Soft Armoring involves the creation or restoration of a natural shoreline system using nature-based shoreline management techniques. Living Shorelines mimic natural functions to provide erosion control, but unlike their hard-armored counterparts, also improve water quality, enhance shoreline habitat, & help maintain natural coastal processes.
The shoreline ecosystem including dunes, beaches, coastal wetlands, & riparian buffers provide critical protection against coastal flooding & storm surge. Using soft-armoring for shoreline management allows the natural shoreline to adapt- to migrate upland as sea levels rise and provide valuable ecosystem services.
City of Norfolk: examples of living shorelines on public property that can be used as educational sites - Larchmont Library, the Virginia Zoo, & the Hermitage Museum & Gardens. The Larchmont Library Wetland Restoration, the City’s first living shoreline (1997) resulted in the restoration of 300 linear ft. of shoreline & has survived a number of powerful storm events with little erosion. Some projects were designed to accommodate and adapt as sea levels rise.
California: Annual Adaptation Tax - San Francisco’s Bay Area voted to require a $12 annual tax on every parcel, projecting to raise $25 million annually. These funds will begin restoring >35,000 acres of publicly owned wetlands.
Virginia Shoreline Resiliency Fund: Revolving loan program for shoreline protection. Although it is as of yet unfunded, the program may one day be a useful tool in living shoreline implementation.
FEMA Hazard Mitigation Assistance (HMA) Programs: new ‘Climate Resilient Mitigation Activities’ eligible for funding: Aquifer Storage and Recovery, Floodplain and Stream Restoration (FSR), Flood Diversion and Storage (FDS), & Green Infrastructure Methods. See Wetlands Watch primer for examples & info.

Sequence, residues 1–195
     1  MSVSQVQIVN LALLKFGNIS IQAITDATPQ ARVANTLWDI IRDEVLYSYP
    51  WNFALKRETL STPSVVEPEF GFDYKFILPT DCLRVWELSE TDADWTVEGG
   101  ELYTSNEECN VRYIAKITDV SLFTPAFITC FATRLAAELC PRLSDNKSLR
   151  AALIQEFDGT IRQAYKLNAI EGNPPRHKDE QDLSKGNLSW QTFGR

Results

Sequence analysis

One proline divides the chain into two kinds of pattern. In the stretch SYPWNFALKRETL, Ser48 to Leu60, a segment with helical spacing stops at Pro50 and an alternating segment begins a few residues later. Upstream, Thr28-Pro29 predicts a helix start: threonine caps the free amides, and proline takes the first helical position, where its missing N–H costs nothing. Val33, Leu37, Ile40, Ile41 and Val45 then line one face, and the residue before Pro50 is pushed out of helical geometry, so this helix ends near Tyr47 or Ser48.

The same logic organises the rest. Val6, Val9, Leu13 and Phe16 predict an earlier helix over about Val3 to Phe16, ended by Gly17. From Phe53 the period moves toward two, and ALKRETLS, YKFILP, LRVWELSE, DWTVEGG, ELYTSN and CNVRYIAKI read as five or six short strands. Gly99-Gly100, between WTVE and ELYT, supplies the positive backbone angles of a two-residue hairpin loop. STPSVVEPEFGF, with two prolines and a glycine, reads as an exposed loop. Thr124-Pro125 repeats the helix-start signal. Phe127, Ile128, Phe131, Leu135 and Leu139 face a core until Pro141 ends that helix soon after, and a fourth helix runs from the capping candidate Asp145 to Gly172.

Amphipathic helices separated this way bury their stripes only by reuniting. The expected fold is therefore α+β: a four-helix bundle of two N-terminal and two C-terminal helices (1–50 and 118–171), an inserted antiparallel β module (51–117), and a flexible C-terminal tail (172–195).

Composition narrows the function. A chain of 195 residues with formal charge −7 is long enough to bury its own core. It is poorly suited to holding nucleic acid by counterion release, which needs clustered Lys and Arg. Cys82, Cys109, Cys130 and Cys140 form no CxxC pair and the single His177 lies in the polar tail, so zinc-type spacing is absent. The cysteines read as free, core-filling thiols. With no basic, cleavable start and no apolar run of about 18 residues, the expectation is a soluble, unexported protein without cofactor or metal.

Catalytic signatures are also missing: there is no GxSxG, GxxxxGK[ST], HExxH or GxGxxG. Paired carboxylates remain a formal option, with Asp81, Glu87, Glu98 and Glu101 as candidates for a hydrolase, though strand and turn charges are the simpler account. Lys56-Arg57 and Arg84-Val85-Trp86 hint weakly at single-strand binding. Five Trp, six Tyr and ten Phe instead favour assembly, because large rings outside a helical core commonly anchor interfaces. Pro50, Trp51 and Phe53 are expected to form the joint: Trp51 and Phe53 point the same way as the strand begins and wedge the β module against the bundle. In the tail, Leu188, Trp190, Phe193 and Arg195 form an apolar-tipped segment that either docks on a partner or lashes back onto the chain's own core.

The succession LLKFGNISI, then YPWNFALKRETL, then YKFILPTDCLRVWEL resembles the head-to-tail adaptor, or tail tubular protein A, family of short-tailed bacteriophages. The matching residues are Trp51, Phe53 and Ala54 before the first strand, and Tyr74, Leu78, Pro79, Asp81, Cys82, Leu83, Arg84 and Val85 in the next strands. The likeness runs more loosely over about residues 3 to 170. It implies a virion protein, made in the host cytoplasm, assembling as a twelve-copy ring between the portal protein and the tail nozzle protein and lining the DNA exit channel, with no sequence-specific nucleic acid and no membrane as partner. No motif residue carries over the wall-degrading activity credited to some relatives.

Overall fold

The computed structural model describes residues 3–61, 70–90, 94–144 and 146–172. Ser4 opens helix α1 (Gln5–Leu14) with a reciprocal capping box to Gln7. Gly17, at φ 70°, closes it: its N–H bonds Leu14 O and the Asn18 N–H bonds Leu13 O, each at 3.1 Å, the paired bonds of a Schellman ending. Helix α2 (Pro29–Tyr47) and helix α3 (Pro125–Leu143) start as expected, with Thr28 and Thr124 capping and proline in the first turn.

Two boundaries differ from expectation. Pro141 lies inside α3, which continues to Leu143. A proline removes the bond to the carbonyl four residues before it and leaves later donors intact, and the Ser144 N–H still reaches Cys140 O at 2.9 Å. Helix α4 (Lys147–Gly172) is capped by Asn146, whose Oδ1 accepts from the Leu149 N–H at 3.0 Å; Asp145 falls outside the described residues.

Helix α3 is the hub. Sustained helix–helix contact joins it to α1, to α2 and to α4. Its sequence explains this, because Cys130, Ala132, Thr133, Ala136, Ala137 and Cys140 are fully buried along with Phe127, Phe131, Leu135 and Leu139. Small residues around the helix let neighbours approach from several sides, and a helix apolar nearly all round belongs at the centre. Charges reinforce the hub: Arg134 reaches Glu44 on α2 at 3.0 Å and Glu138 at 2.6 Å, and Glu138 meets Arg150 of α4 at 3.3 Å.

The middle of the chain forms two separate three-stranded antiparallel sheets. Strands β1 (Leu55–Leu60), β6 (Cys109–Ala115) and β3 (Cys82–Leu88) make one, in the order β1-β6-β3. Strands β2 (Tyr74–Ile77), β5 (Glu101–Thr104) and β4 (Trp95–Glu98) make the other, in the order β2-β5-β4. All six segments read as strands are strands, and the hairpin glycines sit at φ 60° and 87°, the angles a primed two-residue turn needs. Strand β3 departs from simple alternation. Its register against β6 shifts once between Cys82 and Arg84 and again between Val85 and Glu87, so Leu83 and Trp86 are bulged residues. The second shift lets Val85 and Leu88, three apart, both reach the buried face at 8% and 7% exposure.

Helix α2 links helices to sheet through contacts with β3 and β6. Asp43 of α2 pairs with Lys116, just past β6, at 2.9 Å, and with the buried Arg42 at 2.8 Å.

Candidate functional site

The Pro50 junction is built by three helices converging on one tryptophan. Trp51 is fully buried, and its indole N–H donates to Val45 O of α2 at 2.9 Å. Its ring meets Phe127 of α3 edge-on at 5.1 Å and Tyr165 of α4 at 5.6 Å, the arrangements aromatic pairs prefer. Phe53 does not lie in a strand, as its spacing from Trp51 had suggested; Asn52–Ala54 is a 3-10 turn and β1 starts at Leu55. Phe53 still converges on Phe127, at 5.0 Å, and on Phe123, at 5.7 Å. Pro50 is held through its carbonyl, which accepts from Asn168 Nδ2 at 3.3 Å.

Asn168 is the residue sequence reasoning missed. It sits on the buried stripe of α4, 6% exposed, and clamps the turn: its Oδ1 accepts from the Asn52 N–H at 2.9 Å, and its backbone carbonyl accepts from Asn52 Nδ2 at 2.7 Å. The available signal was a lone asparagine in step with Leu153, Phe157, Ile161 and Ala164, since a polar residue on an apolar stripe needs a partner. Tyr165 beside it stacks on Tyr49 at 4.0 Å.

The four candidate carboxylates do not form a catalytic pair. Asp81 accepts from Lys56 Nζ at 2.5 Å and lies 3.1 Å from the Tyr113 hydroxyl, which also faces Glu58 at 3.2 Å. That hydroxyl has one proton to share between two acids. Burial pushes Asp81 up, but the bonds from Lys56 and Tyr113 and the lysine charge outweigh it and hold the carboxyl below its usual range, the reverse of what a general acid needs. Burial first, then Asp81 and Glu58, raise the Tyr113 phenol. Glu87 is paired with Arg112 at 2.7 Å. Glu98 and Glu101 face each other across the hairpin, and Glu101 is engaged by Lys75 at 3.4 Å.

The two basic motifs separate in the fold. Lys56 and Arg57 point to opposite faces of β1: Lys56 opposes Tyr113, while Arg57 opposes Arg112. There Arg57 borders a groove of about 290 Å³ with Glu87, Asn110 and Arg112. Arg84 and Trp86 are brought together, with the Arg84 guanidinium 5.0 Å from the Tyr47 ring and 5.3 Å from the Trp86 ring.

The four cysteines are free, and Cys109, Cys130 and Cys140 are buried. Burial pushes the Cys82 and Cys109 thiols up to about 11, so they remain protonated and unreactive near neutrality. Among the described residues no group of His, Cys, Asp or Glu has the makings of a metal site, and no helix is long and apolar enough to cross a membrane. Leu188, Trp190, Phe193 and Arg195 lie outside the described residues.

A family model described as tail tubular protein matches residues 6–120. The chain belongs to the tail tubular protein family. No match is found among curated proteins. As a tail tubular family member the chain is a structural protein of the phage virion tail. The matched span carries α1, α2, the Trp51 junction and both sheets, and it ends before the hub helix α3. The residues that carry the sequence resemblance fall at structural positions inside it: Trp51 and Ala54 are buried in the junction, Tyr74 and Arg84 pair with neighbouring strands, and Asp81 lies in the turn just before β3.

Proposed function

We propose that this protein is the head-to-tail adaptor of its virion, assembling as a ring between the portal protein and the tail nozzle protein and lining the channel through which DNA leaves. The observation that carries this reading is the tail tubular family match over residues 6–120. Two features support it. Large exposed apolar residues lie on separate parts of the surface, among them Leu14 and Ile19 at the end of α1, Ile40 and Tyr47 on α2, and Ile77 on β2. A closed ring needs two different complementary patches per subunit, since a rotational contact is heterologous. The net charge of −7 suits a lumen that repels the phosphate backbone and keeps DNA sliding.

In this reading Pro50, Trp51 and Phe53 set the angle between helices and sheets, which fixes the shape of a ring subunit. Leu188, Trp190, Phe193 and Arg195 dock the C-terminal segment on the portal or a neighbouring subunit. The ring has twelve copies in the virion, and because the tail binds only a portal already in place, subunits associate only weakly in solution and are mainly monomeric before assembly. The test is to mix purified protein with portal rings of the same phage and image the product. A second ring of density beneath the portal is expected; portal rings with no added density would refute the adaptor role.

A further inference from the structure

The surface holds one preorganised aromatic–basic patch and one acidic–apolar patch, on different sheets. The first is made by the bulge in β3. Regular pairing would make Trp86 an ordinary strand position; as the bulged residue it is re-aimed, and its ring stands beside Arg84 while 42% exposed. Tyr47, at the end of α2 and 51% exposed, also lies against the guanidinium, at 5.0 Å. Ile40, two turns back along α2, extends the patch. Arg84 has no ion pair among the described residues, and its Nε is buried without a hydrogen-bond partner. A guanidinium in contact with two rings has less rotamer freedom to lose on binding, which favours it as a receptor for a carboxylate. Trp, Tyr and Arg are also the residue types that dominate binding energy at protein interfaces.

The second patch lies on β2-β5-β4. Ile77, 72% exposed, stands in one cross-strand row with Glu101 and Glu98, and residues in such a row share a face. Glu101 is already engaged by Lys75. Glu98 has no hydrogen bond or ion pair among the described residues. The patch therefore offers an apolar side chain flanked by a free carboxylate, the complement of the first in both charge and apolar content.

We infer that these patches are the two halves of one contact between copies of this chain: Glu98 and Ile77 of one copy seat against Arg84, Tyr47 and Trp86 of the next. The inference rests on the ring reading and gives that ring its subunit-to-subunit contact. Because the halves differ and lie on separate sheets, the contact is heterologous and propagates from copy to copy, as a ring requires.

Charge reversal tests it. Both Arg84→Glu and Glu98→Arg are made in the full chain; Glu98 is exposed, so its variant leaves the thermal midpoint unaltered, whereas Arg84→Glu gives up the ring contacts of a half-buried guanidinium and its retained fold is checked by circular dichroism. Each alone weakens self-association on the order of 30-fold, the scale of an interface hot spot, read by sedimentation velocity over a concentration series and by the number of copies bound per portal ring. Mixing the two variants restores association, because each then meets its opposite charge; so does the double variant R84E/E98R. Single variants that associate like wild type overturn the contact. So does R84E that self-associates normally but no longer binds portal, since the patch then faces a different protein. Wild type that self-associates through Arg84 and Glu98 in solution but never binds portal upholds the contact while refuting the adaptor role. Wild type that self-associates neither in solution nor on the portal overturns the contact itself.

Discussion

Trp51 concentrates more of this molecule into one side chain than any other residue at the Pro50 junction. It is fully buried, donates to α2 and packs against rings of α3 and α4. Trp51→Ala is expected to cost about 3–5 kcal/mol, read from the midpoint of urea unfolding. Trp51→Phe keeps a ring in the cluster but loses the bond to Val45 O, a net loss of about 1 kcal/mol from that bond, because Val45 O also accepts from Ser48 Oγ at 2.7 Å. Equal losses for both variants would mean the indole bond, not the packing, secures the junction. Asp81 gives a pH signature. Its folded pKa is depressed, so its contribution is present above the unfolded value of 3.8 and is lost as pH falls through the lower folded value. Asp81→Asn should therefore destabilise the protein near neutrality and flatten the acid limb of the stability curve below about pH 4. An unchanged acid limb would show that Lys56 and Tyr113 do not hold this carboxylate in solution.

A Service District can be enacted within a locality to fund beach & shoreline management.
Ex. Virginia Beach Special Service District: The Sandbridge Special Service District is created for the purpose of providing financing for the local share of any beach and shoreline management and restoration project for the construction, maintenance, replenishment and restoration of the beach and shoreline on the Atlantic Ocean within the service district
VA Riparian Buffer Tax Credit: Provides incentives for property owners who keep riparian buffers forested for a minimum of 15 years.
Living shoreline projects undertaken by ACOE can be significantly more expensive than those undertaken by localities/NPOs.
Coastal property owners tend to be skeptical regarding the efficacy of living shorelines, as they are most familiar with traditional shoreline protection such as riprap. Localities noted that there is a shortage of properly trained contractors with experience installing & maintaining living shorelines.
Solution: the Chesapeake Bay Landscape Professional Certification Program offers credentialing to ensure landscaping professionals are thoroughly trained in the design, installation, & maintenance of green infrastructure. VIMS CCRM has been hosting living shoreline design/construction workshops for contractors, consultants, and others interested in permitting, proper design and construction standards in Virginia. Additionally, Restore America's Estuaries has created the Living Shorelines Academy.
- Living shorelines & shoreline buffers can be exempted from local property taxes
- Can be more cost-efficient than hard-armoring techniques, which can require expensive maintenance & repairs
- Ecological, recreational, & aesthetic benefits
- Mitigates some of the negatives of hard-armoring, including downstream erosion.
- Can allow a natural migration of shorelines in the face of sea level rise
- Living shorelines and shoreline buffers are approved stormwater best management practices and eligible for nutrient and/or sediment reduction to meet the TMDLs
- Construction costs vary substantially based on local conditions
- Increased complexity with living shorelines projects (requires site-specific design)
- Periodic inspection & maintenance required
- Not suitable for areas with high-energy wave action
- High-percentage of privately owned shoreline = difficult to mandate adaptive action
Living shorelines are the preferred (not mandatory) method of shoreline management in Virginia, but in practice, local Wetlands Boards often accept riprap. Maryland Living Shoreline Protection Act of 2008 requires non-structural shoreline stabilization, except when demonstrated unfeasible, or in areas mapped by the Department of the Environment as appropriate for structural stabilization.